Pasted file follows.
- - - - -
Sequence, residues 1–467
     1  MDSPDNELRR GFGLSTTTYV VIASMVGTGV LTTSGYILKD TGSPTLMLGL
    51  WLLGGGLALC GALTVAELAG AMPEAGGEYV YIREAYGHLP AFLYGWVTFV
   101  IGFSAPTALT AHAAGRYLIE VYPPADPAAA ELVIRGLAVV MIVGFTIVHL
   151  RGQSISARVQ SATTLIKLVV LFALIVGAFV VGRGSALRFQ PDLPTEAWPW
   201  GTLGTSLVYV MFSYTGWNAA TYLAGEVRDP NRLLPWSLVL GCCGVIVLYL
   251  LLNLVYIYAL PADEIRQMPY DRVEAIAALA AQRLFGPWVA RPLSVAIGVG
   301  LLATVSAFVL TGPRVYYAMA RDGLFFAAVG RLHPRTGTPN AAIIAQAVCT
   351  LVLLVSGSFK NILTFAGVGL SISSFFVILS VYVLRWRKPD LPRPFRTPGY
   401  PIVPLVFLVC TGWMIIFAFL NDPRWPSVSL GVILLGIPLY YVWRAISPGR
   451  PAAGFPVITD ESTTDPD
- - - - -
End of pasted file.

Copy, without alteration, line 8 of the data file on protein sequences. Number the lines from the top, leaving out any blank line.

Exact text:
   301  LLATVSAFVL TGPRVYYAMA RDGLFFAAVG RLHPRTGTPN AAIIAQAVCT